Well yes because the law and common sense doesn't often mix.   Often the laws are constructed to make people feel good but don't rationally take the facts into consideration.   Gun control laws are one example of lacking in common sense, as the guns aren't evil considering that 10 million a year are added to the civilian inventory.    When it comes to product liability common sense does go out the window, the prefect example is suing over hot coffee.   Product liability is often a case of emotional manipulation of the jury, instead of a rational presentation of the facts in the case.    This is why one has to be on guard when selected for jury duty and make sure the jury focuses on the facts and what is a normal expectation.    Going back to the hot coffee debacle, the normal expectation is that your hot coffee is served HOT, if you as an individual aren't prepared for that you should suffer.

    Now there is another issue at work here and that is the fact that Apple has designed its or ARM compatible chips.   That makes them liable for flaws but as we have seen they have already addressed those flaws so I'm not sure how much more they can be responsible for.    I would be  a different story if Apple was still buying ARM's designs but right now all that Apple puts into the chip is an instruction set.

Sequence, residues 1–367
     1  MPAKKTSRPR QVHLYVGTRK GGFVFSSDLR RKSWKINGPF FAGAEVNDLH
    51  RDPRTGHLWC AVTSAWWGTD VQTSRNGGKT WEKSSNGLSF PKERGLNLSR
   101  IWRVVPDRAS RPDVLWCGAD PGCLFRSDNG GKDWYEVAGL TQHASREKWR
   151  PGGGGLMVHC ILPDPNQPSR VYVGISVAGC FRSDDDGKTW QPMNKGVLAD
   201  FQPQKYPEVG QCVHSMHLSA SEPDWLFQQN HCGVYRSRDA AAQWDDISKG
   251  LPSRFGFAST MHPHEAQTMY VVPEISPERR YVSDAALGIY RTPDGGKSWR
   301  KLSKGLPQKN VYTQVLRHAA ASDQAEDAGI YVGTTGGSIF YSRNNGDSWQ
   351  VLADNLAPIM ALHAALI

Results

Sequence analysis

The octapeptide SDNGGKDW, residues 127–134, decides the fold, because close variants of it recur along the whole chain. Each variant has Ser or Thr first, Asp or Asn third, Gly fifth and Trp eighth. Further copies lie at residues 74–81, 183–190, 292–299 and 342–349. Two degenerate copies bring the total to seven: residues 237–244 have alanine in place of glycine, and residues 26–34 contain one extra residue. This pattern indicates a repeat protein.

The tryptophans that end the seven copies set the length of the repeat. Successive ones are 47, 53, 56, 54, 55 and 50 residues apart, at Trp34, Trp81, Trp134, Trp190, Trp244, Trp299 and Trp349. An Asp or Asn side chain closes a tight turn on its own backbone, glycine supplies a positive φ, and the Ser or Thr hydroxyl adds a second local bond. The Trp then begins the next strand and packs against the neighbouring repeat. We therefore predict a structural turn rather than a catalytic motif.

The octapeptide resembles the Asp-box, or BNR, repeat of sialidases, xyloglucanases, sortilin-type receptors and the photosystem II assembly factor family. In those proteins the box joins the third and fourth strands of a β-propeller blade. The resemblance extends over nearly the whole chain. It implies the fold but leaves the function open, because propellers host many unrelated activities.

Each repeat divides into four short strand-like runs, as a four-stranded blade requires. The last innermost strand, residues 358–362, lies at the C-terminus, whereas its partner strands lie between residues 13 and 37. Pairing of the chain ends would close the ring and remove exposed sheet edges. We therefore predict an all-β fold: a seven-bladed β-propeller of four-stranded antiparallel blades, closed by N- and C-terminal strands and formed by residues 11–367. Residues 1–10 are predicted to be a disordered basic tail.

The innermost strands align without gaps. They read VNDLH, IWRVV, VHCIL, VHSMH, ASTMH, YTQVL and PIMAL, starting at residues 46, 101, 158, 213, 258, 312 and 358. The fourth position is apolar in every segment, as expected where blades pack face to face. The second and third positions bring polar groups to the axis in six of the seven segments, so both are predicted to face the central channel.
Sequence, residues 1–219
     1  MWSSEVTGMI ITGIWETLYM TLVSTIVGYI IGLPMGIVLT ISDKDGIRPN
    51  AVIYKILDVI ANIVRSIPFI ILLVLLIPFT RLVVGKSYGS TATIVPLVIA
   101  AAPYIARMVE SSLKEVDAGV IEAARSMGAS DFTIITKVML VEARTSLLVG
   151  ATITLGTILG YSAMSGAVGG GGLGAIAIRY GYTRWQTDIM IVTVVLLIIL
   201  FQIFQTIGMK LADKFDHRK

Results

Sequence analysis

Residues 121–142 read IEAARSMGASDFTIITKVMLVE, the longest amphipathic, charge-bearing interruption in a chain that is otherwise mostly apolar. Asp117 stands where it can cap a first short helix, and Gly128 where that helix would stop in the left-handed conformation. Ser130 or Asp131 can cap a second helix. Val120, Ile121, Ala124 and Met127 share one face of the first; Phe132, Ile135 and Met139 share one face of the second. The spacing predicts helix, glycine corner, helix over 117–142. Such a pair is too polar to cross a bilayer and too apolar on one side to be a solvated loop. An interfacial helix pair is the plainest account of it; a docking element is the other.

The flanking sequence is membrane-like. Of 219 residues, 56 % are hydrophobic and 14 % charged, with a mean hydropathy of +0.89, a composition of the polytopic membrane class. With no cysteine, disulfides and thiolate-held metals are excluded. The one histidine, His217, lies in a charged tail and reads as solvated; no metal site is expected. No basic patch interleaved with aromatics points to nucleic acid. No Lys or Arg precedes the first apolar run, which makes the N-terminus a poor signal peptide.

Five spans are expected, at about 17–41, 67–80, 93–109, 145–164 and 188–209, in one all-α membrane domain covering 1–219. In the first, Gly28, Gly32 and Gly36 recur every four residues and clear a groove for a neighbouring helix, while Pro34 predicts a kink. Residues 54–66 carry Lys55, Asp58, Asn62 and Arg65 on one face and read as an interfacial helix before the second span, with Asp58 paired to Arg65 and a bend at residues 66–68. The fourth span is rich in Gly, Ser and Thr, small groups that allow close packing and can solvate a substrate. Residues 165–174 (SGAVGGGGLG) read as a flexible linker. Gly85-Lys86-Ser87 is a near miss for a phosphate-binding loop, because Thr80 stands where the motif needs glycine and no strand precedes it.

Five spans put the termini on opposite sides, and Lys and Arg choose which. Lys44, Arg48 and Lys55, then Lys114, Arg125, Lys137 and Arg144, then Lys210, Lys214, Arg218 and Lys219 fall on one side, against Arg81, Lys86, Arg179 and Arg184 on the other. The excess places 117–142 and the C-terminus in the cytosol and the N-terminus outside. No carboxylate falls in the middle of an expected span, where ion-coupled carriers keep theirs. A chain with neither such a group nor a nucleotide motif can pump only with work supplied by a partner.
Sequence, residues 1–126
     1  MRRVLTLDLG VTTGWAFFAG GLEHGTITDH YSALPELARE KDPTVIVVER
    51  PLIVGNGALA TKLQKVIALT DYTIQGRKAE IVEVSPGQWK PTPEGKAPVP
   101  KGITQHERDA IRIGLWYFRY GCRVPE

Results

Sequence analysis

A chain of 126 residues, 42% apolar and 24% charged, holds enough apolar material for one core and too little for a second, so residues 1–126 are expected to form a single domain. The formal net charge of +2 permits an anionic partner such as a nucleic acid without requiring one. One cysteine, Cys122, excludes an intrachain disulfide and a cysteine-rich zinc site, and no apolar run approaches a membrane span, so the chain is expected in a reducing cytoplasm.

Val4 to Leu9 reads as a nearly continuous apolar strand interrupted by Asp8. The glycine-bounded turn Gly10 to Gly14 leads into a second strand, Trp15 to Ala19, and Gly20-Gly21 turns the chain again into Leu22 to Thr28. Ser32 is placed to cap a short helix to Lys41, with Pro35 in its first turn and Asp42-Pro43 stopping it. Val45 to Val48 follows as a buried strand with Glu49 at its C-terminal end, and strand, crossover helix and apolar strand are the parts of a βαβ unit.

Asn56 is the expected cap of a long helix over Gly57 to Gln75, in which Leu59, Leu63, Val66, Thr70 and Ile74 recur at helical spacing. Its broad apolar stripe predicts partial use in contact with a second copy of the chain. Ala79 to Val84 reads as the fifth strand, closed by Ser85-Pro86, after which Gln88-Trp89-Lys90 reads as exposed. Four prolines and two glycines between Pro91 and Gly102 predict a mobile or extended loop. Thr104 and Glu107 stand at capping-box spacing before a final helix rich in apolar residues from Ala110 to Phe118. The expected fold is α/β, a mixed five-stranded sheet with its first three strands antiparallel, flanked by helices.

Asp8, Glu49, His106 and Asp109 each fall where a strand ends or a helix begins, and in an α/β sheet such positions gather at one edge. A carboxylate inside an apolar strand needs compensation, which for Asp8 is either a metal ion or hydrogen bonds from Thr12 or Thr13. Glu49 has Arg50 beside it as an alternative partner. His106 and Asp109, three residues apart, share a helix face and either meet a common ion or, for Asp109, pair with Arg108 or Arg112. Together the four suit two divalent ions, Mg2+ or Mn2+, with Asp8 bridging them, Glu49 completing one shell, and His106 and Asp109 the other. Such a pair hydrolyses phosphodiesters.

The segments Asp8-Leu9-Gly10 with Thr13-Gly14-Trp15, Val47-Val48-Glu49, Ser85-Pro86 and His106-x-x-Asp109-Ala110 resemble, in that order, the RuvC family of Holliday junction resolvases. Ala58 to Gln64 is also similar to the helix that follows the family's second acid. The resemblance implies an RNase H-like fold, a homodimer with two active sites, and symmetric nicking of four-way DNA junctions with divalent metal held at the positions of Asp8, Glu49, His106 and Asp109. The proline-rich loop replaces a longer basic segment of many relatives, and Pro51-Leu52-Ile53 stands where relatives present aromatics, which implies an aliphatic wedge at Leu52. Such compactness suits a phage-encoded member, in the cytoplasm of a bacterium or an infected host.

Please do a little research about the actual McDonald's "hot coffee" case before making assumptions.  One could argue that you're ignoring the facts of that case and resorting to emotional manipulation.  The jury in that case determined that McDonald's was serving coffee at dangerously high temperatures, disregarding the foreseeable and avoidable risk of serious injury (in this case third-degree burns "Third-degree burns (full thickness burns) go through the dermis and affect deeper tissues. They result in white or blackened, charred skin that may be numb.") in order to save money.  There are plenty of examples of bad law suits, but this isn't a good example of one.  This is an example of a corporation that completely mishandled an injury.
    StrangeDaysjony0
  • Reply 13 of 17
    dewme said:
    MplsP said:
    I admittedly haven’t read extensively on the Meltdown/Spectre flaws, but the fact that it’s present in multiple processor from different manufacturers and of different types tells me this is a flaw with the underlying chip design architecture that has been used for many years now without anyone discovering the hole. Kudos to Mr. Horn for discovering the flaw, but reading this and the articles about all the class action lawsuits, I can’t understand how Intel, Apple or any other manufacturer should be held liable for something that no one knew about until 6 months ago at best. Or am I just making the mistake of applying common sense to the law?